The following, is a reprint from April of 2008 for those who missed it. Nothing much has changed, except for the guy in charge.
On one side you have the upside down home owner, who is about to walk away and give the bank the keys. But the other side, the bank paid the seller real money for the house and the new owner signed a note to pay the debt. Many suggest that this serves the banks right for loaning the money so carelessly in the first place. Think twice about that, the money paid wasn't the bank's, it belonged to a depositor. Banks don't lose money, people do!
If we can agree that real estate is only the tip of the iceberg, then it becomes apparent that the financial banking system, is in a very precarious position. Throw in hedge funds and the visual aid is no longer to scale, it's not big enough (use your imagination). The Iceberg represents real money borrowed from someone who works for a living or has money in an investment vehicle. It doesn't belong to a hedge fund, bank, IRA or 401k, it belongs to real people.
Industries are downsizing and laying off people. The big auto companies and the airlines have reset their pay scale to be more competitive. The housing industry has [fill in the blank]. More people are looking for work. These major events should raise some alarm, but curiously no one seems to notice. The unemployment numbers are starting to add up.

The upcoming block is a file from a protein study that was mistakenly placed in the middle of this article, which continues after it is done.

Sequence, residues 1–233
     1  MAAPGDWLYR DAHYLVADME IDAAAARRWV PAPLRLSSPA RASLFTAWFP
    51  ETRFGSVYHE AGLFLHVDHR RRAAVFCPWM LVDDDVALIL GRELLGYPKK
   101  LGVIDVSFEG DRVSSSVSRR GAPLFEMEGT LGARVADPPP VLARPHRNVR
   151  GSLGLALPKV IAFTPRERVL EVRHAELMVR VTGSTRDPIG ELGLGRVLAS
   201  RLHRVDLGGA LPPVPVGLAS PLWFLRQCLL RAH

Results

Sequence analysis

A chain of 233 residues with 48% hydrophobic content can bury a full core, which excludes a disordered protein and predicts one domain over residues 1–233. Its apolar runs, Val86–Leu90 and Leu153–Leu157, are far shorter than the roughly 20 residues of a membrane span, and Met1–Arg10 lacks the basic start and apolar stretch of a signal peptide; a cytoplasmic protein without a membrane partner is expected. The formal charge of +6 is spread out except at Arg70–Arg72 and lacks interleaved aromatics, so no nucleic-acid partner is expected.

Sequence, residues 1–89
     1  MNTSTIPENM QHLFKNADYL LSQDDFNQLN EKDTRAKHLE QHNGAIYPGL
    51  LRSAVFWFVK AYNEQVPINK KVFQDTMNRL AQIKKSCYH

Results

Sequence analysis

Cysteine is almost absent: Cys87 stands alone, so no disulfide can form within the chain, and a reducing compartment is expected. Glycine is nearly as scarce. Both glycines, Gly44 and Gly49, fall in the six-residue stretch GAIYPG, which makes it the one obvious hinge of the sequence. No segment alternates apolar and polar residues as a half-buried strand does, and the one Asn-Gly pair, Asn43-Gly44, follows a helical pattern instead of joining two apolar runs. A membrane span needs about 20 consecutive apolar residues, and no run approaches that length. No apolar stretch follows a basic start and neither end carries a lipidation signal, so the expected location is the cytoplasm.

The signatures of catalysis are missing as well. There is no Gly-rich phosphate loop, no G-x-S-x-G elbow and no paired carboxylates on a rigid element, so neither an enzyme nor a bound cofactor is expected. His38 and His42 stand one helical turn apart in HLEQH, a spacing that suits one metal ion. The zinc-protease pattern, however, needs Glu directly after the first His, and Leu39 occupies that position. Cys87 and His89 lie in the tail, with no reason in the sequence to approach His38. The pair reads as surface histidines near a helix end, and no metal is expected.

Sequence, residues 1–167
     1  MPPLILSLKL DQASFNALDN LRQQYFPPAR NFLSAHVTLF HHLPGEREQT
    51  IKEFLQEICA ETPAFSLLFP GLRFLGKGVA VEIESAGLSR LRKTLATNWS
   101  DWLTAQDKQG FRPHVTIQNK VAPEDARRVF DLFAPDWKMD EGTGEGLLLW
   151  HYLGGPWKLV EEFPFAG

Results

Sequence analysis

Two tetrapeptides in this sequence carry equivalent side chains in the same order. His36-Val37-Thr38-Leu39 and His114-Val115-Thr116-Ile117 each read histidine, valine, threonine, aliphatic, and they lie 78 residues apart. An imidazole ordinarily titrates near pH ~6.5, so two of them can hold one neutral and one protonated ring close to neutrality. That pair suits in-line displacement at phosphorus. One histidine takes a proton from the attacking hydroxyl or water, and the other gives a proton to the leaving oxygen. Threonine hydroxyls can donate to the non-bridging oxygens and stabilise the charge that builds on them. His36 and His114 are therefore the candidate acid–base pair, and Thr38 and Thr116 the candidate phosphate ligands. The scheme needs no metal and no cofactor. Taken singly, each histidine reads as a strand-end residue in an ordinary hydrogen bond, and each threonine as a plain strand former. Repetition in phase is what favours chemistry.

Look for a major bankruptcy's like the one in 1932 when Ivar Kreuger the famous Swedish Match King committed suicide. The guy was the "Warren Buffet" of his time.
This is a slow but methodical meltdown. Real estate is where all of the castles have been built, and the stock market is our sand box to play in. Maybe Icebergs are a little like our government, most of it is hidden from view.
To a majority of Americans "The Economy" is just a concept, little understood. Most people have never studied basic economics. The "Group Think" is that Congress can fix what is broken. Congressional solutions are a little like trying to use your clothes dryer to dry the kitchen dishes and glassware. When the buzzer goes off, you can rest assured that everything is dry! You end up getting what you were promised, but it's not quite what you had in mind.